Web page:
And not just for what was said, but how it was said. I also remember inflection, tone and meaning and intent–perceived and otherwise.

    I was different. Hell, being different is something we all have to cope with. Now, I could say something trite and hackneyed like “Thank God for that and our uniqueness”.

    But if your nostrils are so wide you can smell your own earlobes or if you’re but is so big that you constantly think someone or some thing is sneaking up behind you, then being unique is actually more pain inducing as opposed to being worthy of celebrating.

    The urge to protect and shield are kids is normal—I think. I’m not a mother and any and all instincts I possess are limited to pets, but that’s the reality.
    Kids tease…and everyone gets teased at one point or another. We take turns at stepping up to the plate at victimhood and bullyhood, though sometimes, they’re not always equally distributed. But these things are unavoidable facts of growing up, I think.

    Even so, we don’t want those we love to be subjected to teasing and insults and any kind of whittling away at their self esteem.

    If your son’s forehead becomes an issue, then he’ll do what you did–he’ll be fine.

    And everything IS fine.

    If you have any doubts about that, take a good long look around you; at who you just kissed good morning and those you tucked in last night.

    Life is good…big ass, fucking foreheads and all.


    Aww, mannnn, that makes me feel better. Really. Thanks!

  6. msmollie / Sep 7 2008 6:27 am

    Poor little one! That sucks, my daughter keeps asking me if she’s short and she is VERY short. I’m short , her dad is short, etc. It’s hard to know what to tell them, i just give extra kisses that day. I hope you get to go camping, can you teach me how to smoke salmon?

  7. morethananelectrician / Sep 6 2008 5:36 pm

    My parents told me that my large forehead was indded from my big brain…it wasn’t until I took Calculus that I realized the brain thing was just a story.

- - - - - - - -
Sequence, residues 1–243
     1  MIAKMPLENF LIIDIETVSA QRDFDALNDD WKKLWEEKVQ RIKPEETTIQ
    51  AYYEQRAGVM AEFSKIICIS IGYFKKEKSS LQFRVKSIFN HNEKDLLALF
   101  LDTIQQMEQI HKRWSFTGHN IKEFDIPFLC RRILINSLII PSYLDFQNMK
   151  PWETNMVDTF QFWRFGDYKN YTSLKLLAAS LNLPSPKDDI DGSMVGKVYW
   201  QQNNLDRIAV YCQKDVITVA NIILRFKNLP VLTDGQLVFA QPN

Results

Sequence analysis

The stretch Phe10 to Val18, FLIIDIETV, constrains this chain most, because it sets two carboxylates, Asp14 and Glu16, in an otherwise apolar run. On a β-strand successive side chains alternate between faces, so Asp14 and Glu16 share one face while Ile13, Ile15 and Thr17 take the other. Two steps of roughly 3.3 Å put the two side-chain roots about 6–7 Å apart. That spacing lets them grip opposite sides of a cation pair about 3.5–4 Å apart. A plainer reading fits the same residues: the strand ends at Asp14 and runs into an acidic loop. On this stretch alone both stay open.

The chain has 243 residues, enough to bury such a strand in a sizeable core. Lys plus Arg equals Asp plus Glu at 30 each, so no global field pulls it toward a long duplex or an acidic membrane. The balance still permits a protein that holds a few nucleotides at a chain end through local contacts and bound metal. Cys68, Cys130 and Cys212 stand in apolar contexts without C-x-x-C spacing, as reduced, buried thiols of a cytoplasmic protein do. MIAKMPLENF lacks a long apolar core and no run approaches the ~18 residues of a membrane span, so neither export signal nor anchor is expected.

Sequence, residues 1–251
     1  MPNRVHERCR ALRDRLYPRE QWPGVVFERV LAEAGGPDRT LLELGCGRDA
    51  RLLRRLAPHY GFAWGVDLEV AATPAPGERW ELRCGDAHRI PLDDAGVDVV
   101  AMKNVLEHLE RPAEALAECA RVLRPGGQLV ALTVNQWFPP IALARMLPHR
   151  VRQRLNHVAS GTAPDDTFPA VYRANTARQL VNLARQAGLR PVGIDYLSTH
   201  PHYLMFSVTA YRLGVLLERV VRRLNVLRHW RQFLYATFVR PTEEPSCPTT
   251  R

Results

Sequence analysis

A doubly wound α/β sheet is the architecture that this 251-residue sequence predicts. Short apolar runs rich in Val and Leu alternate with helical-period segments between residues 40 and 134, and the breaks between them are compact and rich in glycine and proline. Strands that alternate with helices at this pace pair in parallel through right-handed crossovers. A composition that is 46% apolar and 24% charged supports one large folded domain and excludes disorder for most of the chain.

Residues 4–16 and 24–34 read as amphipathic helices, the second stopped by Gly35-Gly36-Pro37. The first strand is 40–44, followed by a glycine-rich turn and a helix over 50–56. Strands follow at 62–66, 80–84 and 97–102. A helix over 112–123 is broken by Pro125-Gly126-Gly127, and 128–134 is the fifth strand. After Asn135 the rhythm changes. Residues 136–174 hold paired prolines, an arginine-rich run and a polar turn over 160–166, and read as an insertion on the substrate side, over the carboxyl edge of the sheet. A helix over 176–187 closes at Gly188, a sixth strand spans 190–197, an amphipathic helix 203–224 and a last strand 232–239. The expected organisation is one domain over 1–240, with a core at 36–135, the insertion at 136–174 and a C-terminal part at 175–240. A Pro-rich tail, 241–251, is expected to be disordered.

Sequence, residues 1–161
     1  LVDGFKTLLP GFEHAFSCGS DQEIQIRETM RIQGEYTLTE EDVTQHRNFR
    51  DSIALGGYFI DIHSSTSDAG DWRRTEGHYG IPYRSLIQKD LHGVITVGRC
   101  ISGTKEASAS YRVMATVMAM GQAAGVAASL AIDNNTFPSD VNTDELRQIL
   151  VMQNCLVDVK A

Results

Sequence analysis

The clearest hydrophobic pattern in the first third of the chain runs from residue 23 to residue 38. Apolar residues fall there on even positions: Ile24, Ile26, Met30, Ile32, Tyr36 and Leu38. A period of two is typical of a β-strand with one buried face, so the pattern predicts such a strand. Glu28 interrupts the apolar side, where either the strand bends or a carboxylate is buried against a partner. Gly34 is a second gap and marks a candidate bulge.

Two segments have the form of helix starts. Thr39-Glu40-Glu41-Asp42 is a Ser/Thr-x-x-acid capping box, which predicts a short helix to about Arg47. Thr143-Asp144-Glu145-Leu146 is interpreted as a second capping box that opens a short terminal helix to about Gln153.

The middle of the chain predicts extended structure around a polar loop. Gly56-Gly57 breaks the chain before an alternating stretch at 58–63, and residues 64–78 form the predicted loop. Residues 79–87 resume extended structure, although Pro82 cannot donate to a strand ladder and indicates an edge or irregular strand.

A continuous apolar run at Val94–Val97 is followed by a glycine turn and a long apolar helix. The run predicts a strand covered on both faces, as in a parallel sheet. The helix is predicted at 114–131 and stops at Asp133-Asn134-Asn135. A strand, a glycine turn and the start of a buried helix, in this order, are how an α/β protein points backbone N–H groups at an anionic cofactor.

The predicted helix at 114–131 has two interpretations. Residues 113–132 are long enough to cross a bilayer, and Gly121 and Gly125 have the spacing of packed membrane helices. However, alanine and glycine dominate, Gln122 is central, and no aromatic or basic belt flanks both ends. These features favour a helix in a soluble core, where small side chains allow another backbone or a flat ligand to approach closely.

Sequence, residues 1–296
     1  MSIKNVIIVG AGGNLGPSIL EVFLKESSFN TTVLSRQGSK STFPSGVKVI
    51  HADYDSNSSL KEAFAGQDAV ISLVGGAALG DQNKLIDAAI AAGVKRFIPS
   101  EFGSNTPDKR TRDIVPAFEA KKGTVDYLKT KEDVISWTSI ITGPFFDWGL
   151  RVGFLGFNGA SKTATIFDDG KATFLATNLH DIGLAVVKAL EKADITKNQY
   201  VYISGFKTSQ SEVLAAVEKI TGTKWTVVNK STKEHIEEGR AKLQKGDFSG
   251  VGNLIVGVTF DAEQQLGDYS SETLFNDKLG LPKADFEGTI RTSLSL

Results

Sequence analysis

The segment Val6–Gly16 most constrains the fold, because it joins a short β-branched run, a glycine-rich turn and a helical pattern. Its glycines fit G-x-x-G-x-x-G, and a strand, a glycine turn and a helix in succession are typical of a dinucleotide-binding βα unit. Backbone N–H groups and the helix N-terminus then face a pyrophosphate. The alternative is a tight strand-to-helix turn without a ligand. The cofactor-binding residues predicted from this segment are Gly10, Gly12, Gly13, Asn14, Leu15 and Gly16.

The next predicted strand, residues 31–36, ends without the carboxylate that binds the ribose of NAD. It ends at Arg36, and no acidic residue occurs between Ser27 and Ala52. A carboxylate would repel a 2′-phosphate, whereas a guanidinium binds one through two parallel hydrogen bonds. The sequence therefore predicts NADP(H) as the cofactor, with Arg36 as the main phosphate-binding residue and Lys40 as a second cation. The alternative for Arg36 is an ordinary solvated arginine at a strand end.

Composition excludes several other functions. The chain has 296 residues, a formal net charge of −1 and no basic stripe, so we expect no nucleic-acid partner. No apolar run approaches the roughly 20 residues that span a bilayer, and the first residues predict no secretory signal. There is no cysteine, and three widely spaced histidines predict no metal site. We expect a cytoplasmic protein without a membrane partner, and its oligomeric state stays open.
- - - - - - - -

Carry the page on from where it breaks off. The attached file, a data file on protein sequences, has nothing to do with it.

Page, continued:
This is a tough one. My son has a hang-up about his hair when it gets long and I can just cut it for him to make it go away.

  8. teeni / Sep 5 2008 10:24 pm

    Aww, that must be hard to witness as a parent. Your large brain theory is a good one though. You need to teach him that. Also, I love your idea about going camping – every last bit, well except for the part about smoking salmon. I mean how the heck do you hold the fish between your fingers while you exhale? Besides I thought we were teaching kids NOT to smoke these days? 😉

  9. fawnahareo / Sep 5 2008 10:06 pm

    For what it’s worth, I was a social misfit as a child and I think it taught me compassion.

  10. fawnahareo / Sep 5 2008 10:06 pm

    Awww, poor guy. It’s weird how we get hung up on things that most people don’t notice. Despite “Mac” and “T.S.”, I doubt too many people actually notice your forehead — I certainly never did from seeing your photos.

    I have a thing about my short torso; I often have problems buying fitted shirts and dresses because the back of the garment continues to taper long after my butt is already in the way, giving me a bulge of fabric at the back. I’ve sometimes commented on my “freakishly” short torso, but no one else notices. And when anyone else tells me they’re also short-waisted, I’m always surprised. Because I never noticed.

    I have a short torso too. I would have never known this until I got fitted for an expedition backpack, and they fitted me with an “extra small.” It’s the only “extra small” anything I’ve ever owned. 🙂